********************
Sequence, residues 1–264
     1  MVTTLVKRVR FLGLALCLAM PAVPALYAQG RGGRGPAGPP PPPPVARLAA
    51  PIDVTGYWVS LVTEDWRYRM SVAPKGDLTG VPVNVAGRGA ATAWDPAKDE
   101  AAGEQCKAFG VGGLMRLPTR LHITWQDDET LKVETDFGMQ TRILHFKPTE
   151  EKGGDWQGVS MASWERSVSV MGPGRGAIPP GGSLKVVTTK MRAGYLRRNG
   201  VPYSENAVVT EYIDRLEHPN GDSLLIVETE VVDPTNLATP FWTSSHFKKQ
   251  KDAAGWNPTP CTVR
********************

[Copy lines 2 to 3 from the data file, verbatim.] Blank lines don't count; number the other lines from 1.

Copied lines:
     1  MVTTLVKRVR FLGLALCLAM PAVPALYAQG RGGRGPAGPP PPPPVARLAA
    51  PIDVTGYWVS LVTEDWRYRM SVAPKGDLTG VPVNVAGRGA ATAWDPAKDE